You have found 55 entries after clicking the GO button or a search link in a hot topic. Starting with the most recently added or updated entries, the list shows in orange the type of entry, year the original document was published (or if one of our own documents, the year last updated), and the type of file you will download when you click on the title. In blue is the document’s title followed by a brief description.
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STUDY 1999 PDF file 1044Kb
NTORS: the most crucial test yet for addiction treatment in Britain
FINDINGS analysis of the influential national English drug treatment evaluation study questions the key estimate that every extra £1 spent on treatment saved over £3 in the costs of crime alone.
STUDY 1999 PDF file 216Kb
Cost effectiveness of alcohol treatment improved by cutting inpatient stays
This well designed British study showed that outcomes need not suffer when inpatient stays for alcohol treatment are more than halved (but treatment intensity is maintained), with consequent improvements in cost-effectiveness.
STUDY 1999 PDF file 217Kb
Major national treatment study suggests British drug services deliver net cost savings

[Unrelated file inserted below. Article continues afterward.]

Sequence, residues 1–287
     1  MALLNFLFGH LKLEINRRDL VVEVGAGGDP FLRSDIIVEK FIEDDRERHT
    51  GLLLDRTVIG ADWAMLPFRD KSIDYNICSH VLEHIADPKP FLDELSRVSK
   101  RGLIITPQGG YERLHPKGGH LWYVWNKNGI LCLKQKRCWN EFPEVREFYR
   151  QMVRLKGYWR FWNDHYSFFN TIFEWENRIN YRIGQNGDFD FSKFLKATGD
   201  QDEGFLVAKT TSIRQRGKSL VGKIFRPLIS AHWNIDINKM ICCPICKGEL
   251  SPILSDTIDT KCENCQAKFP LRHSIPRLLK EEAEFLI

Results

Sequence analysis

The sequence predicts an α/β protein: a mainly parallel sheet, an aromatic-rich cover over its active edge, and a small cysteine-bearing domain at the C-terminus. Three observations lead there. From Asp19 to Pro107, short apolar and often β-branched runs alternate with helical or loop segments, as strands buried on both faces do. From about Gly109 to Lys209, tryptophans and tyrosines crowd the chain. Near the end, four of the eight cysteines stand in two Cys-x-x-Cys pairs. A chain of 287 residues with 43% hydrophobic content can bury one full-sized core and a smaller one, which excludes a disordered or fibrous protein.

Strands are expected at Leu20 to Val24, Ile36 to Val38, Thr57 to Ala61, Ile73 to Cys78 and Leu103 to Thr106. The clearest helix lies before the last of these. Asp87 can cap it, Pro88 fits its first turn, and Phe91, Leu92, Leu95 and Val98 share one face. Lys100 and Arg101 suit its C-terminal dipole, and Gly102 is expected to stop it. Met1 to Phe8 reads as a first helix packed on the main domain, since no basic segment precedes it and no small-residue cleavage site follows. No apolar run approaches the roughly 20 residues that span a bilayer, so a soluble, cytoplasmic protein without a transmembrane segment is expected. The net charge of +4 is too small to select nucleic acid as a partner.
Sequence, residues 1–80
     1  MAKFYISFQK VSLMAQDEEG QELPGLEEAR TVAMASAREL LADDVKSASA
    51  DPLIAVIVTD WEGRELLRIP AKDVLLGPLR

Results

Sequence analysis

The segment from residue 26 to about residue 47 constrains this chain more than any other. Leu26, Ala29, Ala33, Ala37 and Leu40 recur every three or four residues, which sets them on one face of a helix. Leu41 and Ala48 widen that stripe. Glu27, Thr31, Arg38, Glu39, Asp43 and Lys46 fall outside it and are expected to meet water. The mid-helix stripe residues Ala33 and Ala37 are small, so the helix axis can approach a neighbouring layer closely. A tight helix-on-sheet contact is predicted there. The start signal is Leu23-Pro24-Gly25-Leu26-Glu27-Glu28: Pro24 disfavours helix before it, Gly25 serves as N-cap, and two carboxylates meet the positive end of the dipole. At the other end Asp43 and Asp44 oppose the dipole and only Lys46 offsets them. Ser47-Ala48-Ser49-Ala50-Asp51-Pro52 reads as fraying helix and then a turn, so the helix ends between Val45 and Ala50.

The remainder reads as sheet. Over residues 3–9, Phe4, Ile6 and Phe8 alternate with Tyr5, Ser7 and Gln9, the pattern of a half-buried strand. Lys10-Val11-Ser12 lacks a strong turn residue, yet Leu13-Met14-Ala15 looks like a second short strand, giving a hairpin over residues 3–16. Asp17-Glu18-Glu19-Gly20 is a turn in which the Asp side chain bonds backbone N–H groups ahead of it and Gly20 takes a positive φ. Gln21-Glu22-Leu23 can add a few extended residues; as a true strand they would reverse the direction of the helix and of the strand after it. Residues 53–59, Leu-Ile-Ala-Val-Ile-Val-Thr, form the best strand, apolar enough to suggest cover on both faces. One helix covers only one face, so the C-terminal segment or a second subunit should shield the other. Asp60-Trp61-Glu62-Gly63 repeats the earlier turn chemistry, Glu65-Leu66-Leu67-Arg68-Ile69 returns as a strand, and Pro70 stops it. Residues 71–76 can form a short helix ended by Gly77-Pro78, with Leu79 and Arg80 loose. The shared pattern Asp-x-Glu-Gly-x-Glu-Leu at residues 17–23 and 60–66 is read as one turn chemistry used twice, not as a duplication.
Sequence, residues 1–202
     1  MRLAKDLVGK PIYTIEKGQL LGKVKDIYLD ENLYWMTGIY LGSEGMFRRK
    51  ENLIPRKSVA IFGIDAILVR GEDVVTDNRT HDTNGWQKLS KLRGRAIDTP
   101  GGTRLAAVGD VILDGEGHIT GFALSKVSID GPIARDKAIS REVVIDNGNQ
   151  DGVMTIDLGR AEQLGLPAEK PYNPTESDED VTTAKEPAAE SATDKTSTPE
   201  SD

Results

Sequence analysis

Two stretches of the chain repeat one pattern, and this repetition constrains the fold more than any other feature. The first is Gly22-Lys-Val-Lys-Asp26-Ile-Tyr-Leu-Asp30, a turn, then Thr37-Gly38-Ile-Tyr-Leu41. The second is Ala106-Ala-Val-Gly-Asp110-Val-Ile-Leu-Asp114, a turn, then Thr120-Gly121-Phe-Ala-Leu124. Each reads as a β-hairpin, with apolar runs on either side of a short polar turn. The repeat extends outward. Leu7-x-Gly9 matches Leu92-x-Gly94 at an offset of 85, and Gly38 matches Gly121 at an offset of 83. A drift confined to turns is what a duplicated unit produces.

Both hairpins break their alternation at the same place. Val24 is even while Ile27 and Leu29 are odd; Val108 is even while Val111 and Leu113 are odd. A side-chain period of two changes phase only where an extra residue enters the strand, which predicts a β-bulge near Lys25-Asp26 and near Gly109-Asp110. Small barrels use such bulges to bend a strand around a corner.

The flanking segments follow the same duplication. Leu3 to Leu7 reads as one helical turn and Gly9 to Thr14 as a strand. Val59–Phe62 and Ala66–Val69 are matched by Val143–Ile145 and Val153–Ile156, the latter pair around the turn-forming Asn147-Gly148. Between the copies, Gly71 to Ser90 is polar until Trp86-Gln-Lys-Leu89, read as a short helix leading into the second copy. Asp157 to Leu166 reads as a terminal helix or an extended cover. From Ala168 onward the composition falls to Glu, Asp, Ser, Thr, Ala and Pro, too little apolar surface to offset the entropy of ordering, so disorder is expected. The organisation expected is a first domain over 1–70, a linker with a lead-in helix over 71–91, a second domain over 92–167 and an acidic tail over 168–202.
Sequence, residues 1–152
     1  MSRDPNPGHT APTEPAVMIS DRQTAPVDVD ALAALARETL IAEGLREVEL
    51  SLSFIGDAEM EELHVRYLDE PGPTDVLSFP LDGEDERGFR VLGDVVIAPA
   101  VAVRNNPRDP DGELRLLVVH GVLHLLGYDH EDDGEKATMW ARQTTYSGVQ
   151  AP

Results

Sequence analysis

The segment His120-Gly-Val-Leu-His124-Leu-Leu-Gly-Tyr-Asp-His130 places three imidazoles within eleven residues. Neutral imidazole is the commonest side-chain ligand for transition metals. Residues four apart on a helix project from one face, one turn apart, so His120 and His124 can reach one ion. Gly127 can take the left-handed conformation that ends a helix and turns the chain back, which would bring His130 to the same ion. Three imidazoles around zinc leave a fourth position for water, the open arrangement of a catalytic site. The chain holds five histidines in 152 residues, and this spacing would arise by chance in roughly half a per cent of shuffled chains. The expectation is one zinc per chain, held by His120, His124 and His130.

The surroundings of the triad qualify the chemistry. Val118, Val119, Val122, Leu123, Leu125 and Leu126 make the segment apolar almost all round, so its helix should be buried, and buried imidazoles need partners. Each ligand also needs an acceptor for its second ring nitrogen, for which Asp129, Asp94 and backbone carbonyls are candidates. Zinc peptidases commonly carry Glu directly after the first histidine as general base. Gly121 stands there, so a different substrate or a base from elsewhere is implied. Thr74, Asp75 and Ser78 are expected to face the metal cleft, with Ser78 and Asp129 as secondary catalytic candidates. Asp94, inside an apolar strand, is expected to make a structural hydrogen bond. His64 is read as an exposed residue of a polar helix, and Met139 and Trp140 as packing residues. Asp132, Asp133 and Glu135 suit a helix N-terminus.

Influential results from the national English drug treatment evaluation included a cut in the crime rate to a third of pre-treatment levels, leading to an estimate that every extra £1 spent on treatment saved over £3 in the costs of crime alone.
IN PRACTICE 1999 PDF file 292Kb
Are we right to spend more?
Commissioners in London wanted to know if they were getting value for money from extending residential and day care stays for substance dependent clients. To find out they trialed the Christo Inventory, a new quick and simple monitoring tool.
STUDY 1999 PDF file 175Kb
US study establishes optimal durations for drug detoxification and rehabilitation
A new computerised network which tracked clients across the Boston treatment system revealed cut-off points beyond which greater retention in residential or outpatient treatment was not associated with higher rates of treatment completion.
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